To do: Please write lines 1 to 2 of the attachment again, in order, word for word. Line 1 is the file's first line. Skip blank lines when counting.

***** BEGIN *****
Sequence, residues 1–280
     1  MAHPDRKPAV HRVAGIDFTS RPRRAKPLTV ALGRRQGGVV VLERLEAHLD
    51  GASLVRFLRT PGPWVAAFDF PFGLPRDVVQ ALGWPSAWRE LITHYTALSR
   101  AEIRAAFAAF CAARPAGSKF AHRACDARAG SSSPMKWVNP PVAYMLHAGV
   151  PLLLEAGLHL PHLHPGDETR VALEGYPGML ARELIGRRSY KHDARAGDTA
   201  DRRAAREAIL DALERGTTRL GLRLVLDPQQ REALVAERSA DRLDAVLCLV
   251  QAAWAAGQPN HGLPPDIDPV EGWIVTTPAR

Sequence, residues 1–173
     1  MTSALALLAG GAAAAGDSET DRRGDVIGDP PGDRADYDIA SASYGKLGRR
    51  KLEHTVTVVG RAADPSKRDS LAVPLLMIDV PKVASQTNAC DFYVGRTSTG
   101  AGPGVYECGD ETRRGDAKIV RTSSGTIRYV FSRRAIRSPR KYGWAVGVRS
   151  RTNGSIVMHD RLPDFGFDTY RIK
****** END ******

Sequence, residues 1–280
     1  MAHPDRKPAV HRVAGIDFTS RPRRAKPLTV ALGRRQGGVV VLERLEAHLD